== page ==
Sunday, April 29, 2012

Apple and tax avoidance

The Home Team
Ever wonder why local, state and the federal government are so much in debt?

Well, take a look at the this story from the New York Times.

It details how Apple avoids paying billions in taxes, just like most multinational corporations based in the U.S.

Apple currently has an estimated $74 billion in offshore accounts that it wants to bring back to America, but it has joined with other tech companies in hiring lobbyists to allow these companies to repatriate billions without paying anything in taxes.

Woohoo, another holiday!

What's the upshot for all these corporate tax holidays?

"When America’s most profitable companies pay less, the general public has to pay more,” according to a former Treasury Dept. economist in the Times' story.

Consumers of Apple products already pay a premium over similar products from other companies.

Now, those consumers get the "double Apple," when they have to pay more in taxes because Apple pays less.

There is enough money made by corporations and the wealthy in this country to keep the U.S. from sliding downward in education, health care and overall quality of life.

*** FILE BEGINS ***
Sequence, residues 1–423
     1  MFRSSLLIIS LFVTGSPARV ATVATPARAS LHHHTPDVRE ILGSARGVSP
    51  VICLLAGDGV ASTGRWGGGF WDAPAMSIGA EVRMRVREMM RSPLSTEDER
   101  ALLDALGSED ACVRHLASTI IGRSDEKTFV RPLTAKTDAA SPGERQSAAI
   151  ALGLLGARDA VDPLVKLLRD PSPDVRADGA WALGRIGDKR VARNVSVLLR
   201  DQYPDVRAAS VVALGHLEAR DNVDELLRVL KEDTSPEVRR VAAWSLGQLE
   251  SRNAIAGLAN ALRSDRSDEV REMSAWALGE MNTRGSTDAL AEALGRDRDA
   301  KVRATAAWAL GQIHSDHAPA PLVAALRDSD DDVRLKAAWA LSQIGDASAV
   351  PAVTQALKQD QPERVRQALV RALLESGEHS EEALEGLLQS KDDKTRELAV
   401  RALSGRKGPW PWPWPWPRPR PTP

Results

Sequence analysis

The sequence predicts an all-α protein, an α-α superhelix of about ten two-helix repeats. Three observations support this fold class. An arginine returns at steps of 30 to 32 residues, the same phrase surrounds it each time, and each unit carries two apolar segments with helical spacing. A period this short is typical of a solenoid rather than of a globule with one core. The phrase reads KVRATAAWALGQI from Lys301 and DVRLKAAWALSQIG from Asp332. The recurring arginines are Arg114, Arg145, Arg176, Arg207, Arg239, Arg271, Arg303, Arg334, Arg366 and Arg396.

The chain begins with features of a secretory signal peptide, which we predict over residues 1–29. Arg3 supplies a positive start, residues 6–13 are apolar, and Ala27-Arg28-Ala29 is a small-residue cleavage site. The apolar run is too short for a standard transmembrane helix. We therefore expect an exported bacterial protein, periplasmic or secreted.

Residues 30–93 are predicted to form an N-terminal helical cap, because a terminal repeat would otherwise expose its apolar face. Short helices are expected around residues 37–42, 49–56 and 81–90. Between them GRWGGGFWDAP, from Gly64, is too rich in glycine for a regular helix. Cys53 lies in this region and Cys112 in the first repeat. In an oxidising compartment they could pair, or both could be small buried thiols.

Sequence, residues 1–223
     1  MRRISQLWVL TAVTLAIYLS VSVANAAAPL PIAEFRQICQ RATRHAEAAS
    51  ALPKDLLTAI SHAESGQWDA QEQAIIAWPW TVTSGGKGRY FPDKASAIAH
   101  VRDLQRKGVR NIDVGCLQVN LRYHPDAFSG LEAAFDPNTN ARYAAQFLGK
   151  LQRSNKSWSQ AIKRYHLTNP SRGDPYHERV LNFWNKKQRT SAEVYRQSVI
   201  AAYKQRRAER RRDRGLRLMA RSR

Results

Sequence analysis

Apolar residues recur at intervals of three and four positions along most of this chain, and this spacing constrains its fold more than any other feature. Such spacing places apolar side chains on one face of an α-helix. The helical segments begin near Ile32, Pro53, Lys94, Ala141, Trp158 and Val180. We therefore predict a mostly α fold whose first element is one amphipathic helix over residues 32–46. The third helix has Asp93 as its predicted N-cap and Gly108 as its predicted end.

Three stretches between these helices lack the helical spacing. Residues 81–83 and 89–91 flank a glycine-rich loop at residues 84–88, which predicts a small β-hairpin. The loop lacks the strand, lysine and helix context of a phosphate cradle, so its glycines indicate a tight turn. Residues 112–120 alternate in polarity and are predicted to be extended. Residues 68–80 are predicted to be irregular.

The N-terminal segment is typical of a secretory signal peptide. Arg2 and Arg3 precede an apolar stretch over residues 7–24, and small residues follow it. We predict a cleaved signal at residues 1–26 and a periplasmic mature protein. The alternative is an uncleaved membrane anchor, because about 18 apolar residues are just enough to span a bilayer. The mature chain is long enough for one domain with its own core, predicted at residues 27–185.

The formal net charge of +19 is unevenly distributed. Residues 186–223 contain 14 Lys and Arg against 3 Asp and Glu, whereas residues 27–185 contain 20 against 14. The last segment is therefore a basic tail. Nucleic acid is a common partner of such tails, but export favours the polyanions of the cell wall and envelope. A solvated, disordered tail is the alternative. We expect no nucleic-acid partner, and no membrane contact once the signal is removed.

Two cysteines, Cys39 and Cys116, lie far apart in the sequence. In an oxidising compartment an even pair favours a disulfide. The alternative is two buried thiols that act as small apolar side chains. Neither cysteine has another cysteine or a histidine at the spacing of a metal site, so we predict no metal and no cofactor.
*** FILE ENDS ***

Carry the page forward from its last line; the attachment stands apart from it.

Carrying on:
Apparently, these companies and economic elites would rather see the U.S. decline than pay another dime in taxes.

Corporations believe they shouldn't have to pay any taxes because their employees pay income taxes. However, since the Supreme Court ruled that corporations are people (my friend), it follows that corporations should pay taxes like people.

The other big problem with the tax avoidance schemes practiced by the riches companies in the world is that it sets a bad example to its employees and everyone else.

Employees get their cue from their overlords and then view local and state governments as not worthy of their hard-earned tax dollars and avoid paying them at all costs.

When that happens we have a fundamental breakdown in how a society functions.

Not that anyone cares. 

The Apple honchos, though, may care someday when they can't use our court system to enforce their patents or a military to keep the oceans and skies free for their commerce. 

That won't happen for a long time, but a corporation forfeits protection from our courts and our military when it chooses not to support those institutions through taxes. 

As Oliver Wendell Holmes once said, "Taxes are what we pay for a civilized society."

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